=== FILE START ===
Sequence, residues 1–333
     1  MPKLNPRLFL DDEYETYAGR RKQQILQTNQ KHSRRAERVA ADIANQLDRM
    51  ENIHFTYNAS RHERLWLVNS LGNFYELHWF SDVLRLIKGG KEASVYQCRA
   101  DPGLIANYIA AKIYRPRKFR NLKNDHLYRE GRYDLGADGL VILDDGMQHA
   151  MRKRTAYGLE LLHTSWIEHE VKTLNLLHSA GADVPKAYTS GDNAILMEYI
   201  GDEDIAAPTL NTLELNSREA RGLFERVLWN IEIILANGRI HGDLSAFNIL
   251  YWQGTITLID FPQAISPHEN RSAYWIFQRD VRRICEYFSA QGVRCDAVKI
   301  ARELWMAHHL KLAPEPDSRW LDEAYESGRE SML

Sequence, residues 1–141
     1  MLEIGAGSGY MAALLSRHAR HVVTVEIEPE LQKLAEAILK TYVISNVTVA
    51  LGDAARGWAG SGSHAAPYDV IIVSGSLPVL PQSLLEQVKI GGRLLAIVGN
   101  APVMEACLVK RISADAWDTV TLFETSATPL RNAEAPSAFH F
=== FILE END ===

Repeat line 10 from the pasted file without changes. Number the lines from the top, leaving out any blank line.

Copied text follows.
     1  MLEIGAGSGY MAALLSRHAR HVVTVEIEPE LQKLAEAILK TYVISNVTVA